Pope Francis waves to local residents as he drives to St. Joseph The Worker Catholic Church in the Kangemi slum of Nairobi, Kenya Friday, Nov. 27, 2015. Pope Francis is in Kenya on his first-ever trip to Africa, a six-day pilgrimage that will also take him to Uganda and the Central African Republic.
NAIROBI, Kenya (AP) — Visiting one of Nairobi’s many shantytowns on Friday, Pope Francis denounced conditions slum-dwellers are forced to live in, saying access to safe water is a basic human right and that everyone should have dignified, adequate housing.
Residents of the Kangemi slum lined the mud streets to welcome Francis, standing alongside goats and hens outside the corrugated tin-roofed shacks where many of the shantytown’s small businesses operate: beauty parlors, cellphone “top-up” shops and storefront evangelical churches.
Those lucky enough to score a spot at St. Joseph’s parish erupted in cheers and hymns when Francis arrived, ululating and waving paper flags printed with his photo and the “Kariba Kenya” welcome that has been ubiquitous on the pope’s first-ever visit to Africa.
In remarks to the crowd, Francis insisted that everyone should have access to water, a basic sewage system, garbage collection, electricity as well as schools, hospitals and sport facilities.
“To deny a family water, under any bureaucratic pretext whatsoever, is a great injustice, especially when one profits from this need,” he said.
Francis, known as the “slum pope” for his ministry in Buenos Aires’ shantytowns, has frequently insisted on the need for the three “Ls” — land, labor and lodging — and on Friday he focused on lodging as a critical issue facing the world amid rapid urbanization that is helping to upset Earth’s delicate ecological balance.
Kangemi is one of 11 slums dotting Nairobi, East Africa’s largest city, and is home to about 50,000 people. The U.N. Habitat program says some 60 percent of Nairobi’s population lives on just 6 percent of the city’s residential land in these unofficial settlements lacking basic sanitation or regular running water.
Francis denounced the practice of private corporations grabbing land illegally, depriving schools of their playgrounds and forcing the poor into ever more tightly packed slums, where violence and addiction are rampant.
In January, police tear-gassed schoolchildren demonstrating against the removal of their school’s playground, which has been allegedly grabbed by powerful people. After an outcry, the Kenyan government declared the playground the property of the school.
“These are wounds inflicted by minorities who cling to power and wealth, who selfishly squander while a growing majority is forced to flee to abandoned, filthy and run-down peripheries,” Francis said.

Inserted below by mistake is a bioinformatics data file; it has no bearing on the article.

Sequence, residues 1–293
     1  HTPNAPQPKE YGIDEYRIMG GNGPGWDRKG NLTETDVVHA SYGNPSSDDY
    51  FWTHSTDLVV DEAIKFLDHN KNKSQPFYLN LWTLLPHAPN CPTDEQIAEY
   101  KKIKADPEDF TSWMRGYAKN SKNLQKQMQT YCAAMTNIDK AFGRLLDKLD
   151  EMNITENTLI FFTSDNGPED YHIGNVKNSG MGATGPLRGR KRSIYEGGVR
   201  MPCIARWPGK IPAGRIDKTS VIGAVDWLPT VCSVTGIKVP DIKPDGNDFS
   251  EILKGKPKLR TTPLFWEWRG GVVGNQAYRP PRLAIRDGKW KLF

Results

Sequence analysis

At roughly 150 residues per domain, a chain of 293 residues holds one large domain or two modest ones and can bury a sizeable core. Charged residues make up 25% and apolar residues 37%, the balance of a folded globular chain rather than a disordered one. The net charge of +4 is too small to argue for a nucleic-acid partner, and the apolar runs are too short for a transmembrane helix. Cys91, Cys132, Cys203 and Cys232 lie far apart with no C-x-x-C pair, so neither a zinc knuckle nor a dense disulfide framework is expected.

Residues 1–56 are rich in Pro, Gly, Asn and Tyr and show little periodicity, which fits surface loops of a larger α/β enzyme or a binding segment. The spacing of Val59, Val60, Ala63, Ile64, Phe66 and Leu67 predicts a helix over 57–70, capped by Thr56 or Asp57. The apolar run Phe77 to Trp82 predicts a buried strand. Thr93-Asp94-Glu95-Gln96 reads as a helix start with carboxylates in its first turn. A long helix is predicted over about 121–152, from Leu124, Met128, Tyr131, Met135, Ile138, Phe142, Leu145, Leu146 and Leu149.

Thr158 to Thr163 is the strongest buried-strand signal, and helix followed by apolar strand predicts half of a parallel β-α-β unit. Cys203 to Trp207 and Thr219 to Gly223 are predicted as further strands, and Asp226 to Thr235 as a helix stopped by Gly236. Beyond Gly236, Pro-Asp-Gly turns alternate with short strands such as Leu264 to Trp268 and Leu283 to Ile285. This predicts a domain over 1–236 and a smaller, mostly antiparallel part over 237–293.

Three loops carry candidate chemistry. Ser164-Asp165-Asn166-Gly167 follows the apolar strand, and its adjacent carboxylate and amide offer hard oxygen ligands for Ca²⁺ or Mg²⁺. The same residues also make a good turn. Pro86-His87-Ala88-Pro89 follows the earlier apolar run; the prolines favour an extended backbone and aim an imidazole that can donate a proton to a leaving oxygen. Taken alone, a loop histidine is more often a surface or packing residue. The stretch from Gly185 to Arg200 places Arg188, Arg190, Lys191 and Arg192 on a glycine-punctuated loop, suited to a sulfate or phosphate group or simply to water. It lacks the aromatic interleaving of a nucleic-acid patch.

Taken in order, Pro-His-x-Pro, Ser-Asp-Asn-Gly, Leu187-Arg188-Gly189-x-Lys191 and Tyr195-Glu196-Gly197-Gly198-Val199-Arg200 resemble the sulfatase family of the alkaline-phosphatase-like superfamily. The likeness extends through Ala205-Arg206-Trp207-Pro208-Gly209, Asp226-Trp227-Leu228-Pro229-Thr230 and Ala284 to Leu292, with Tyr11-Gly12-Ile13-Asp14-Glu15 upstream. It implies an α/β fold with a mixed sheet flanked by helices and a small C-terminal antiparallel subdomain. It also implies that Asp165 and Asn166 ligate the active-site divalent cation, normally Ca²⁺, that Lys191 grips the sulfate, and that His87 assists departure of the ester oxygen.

Francis told the residents that people forced to live in slums actually share values that wealthier neighborhoods can learn from: solidarity and looking out for one another. But he said it was unjust that entire families are forced to live in unfit housing, often at exorbitant prices.
He called for a “respectful urban integration” with concrete initiatives to provide good quality housing for all.
His message was welcomed by residents of Kangemi, who said the city only pipes in water three days a week, Tuesday through Thursday, but it’s not safe to drink. Garbage collection goes to only those who can pay for it.
“Some people don’t have toilets in their homes,” said Emily Night, a mother of two who works at the St. Joseph’s HIV counseling program. “Those that do, maybe 50 people are using it!”
Things aren’t much better in nearby Kibera.
“It’s difficult. There is no water. We drink well water,” said Rebecca Nanzala, who attended the pope’s visit with the youngest of her three children, 2-year-old Mary. “Some treat it, some don’t.”
Francis raised the issue of environmental deterioration in cities in his landmark encyclical “Praise Be,” saying many megacities today have simply become health threats, “not only because of pollution caused by toxic emissions but also as a result of urban chaos, poor transportation, and visual pollution and noise.”
After the visit to Kangemi, Francis received a rock-star welcome at Kasarani stadium, where he zoomed around the track in his open-sided popemobile to the delight of the crowd. The stadium was so packed with the faithful that many more stood outside, unable to enter.
As he tends to do when surrounded by young people, Francis ditched his prepared speech and spoke off-the-cuff at length about problems Kenyan young people are facing, including the temptation to go the way of Kenya’s many corrupt officials and institutions or to go off and join an extremist group.
Francis told the crowd that the way to prevent the young from being radicalized is to give them an education and a job.
“If a young person has no work, what kind of a future does he or she have? That’s where the idea of being recruited comes from,” he said.
Kenyans make up the largest contingent of foreign fighters in the Somali based al-Qaida-linked extremist group al-Shabab, which has staged attacks in Kenya.
Francis also urged the kids to resist the temptation of corruption, saying it’s like sugar: You develop a taste for it but it’s ultimately terrible for you.
After meeting with Kenya’s bishops, Francis headed to Uganda for the second leg of his trip.
On Sunday, he is due to arrive in the Central African Republic.
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